The Illinois Premises Liability Act states (in part) that "The duty owed to such entrants is that of reasonable care under the circumstances regarding the state of the premises or acts done or omitted on them." A longstanding exception to this duty under Illinois common law (and in other jurisdictions nationwide) is that "a party who owns or controls land is not required to foresee and protect against an injury if the potentially dangerous condition is open and obvious." Rexroad v. City of Springfield, 207 Ill. 2nd 33, 44 (2003). This is known as the "open and obvious rule."

It is also well-established case law that the question of whether or not a duty exists is a question of law for the court to decide. Forsythe v. Clark USA, Inc., 224 Ill. 2nd 404, 411 (1991).

There are exceptions to the "open and obvious rule," however, Representative Franks' Bill seeks to limit the application of the rule by excluding it as something a court can consider it determining whether or not a landowner owes an entrant a duty by adding the following language to the Premises Liability Act:

"Whether a condition is open and obvious may be considered by the trier of fact only in assessing the degree of comparative fault, if any, under Section 2-116 if the Code if Civil Procedure and shall not be considered with respect to any other issues of law or fact, including duty." (Emphasis added).

The proposed amendment would expose landowners to additional liability for open and obvious conditions, and make cases with these circumstances more difficult to defend"

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Shire, Maker of Binge-Eating Drug Vyvanse, First Marketed the Disease -

Monica Seles, retired tennis star, now shilling for Shire
The big drug companies are market makers - first they help create a diagnosis, then they sell the cure.   Not that there is no such thing as binge eating.  A recently acquired box of Girl Scout cookies (chocolate thin mints) had a very brief half-life in my hands.  - gwc

Shire, Maker of Binge-Eating Drug Vyvanse, First Marketed the Disease -

by Katie  Thomas

 "As Shire introduces an ambitious campaign to promote Vyvanse but also to raise awareness about the disorder, some are saying the company is going too far to market a drug, a type of amphetamine, that is classified by the federal government as having a high potential for abuse. Shire’s track record is adding to the worry: The company helped put another once-stigmatized condition — attention deficit hyperactivity disorder — on the medical map and made billions of dollars from the sale of drugs, like Vyvanse and Adderall, to treat it. In recent years, federal officials have cited the company for inappropriately marketing Vyvanse and other A.D.H.D. drugs."

The retired tennis player Monica Seles spent this month making the rounds of television talk shows, appearing on everything from “Good Morning America” to “The Dr. Oz Show” to share her personal struggle with binge eating.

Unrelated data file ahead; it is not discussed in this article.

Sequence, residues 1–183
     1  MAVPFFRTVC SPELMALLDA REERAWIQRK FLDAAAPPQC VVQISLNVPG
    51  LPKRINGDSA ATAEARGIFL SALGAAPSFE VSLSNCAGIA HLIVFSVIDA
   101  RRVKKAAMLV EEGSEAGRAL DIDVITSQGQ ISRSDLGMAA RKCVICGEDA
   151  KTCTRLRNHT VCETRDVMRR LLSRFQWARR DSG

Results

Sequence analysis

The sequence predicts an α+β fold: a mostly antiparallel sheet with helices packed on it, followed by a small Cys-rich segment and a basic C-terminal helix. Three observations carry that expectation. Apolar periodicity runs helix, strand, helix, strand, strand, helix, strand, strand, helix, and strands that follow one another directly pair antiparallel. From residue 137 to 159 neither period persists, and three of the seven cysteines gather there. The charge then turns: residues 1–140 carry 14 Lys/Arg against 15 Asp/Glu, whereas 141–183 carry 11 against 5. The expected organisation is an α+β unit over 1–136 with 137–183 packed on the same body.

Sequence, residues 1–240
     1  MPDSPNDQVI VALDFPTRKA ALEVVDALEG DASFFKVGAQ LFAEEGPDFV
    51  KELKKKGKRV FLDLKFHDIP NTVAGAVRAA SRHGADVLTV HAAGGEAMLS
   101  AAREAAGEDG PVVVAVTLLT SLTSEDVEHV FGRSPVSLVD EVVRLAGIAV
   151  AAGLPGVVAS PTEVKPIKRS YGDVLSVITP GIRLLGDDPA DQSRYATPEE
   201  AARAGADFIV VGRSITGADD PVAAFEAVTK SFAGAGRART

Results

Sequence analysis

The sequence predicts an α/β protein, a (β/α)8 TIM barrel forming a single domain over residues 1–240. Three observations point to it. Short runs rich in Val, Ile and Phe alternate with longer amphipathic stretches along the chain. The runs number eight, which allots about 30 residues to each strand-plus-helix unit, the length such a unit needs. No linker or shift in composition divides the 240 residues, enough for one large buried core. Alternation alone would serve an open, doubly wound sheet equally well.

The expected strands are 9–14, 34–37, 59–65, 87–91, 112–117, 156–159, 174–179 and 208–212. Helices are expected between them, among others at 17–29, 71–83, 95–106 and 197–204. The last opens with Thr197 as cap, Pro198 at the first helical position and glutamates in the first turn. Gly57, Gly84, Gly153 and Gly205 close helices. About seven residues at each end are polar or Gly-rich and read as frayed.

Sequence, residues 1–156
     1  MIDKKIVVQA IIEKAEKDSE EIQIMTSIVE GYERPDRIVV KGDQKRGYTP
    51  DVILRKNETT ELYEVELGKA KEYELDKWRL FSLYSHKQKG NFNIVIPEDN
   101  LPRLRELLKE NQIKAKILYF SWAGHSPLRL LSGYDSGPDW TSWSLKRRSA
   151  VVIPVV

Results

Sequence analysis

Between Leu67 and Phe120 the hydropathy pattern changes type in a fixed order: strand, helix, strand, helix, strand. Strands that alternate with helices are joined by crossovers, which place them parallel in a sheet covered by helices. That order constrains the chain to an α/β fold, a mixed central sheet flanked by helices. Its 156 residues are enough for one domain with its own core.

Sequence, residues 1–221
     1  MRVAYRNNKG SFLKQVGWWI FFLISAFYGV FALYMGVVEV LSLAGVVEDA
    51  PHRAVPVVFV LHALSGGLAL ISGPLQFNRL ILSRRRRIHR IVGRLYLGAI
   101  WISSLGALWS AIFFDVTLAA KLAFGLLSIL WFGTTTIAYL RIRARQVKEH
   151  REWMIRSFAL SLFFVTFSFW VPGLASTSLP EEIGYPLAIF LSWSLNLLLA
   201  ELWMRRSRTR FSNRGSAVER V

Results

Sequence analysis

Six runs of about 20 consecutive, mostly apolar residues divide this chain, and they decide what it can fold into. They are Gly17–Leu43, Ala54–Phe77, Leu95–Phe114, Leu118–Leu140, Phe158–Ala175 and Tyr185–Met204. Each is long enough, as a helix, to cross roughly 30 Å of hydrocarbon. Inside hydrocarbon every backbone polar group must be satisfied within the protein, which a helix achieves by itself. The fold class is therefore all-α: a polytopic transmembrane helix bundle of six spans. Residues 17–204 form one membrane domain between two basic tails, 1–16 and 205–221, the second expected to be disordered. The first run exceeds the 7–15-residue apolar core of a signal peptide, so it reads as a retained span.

“It took a while until I felt comfortable talking about it,” she said in a People magazine interview, explaining that she secretly devoured food for years while she was a professional athlete. “That’s one of the reasons I decided to do this campaign: to raise awareness that binge eating is a real medical condition.”

But that is not the only reason. Ms. Seles is a paid spokeswoman for Shire, which late last month won approval to market its top-selling drug, Vyvanse, to treat binge-eating disorder, a condition that once existed in the shadow of better-known disorders like anorexia and bulimia but was officially recognized as its own disorder in 2013 by the American Psychiatric Association.

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Monday, February 23, 2015

J&J to Pay as Much as $420 Million More in ASR Hip Accord - Bloomberg Business

J&J to Pay as Much as $420 Million More in ASR Hip Accord - Bloomberg Business:

by Jef Feeley

(Bloomberg) -- Johnson & Johnson agreed to pay as much as $420 million more to resolve lawsuits over recalled hip implants that were excluded in 2013 from a $2.5 billion settlement of claims that the devices were defective and caused metal poisoning in patients.
J&J’s DePuy unit agreed to push back the deadline for recipients of the company’s ASR implants to file settlement claims to Jan. 31 of this year, according to a filing Friday in federal court in Toledo, Ohio. That will allow as many as 1,400 patients who’ve had ASR hips removed since 2013 to seek about $300,000 each in compensation under the original 2013 accord.
“By extending the benefits of the previously announced U.S. Settlement Program to an additional group of ASR patients, we are again providing fair compensation” to artificial hip recipients “without the delay and uncertainty of protracted litigation,” Mindy Tinsley, a DePuy spokeswoman, said in an e-mail Friday.
“J&J has seen the handwriting on the wall about these hip cases and they’ve figured it out: It’s better to settle all of these suits and get this debacle behind them,” said Erik Gordon, a professor at the University of Michigan’s business and law schools who teaches about class-action settlements.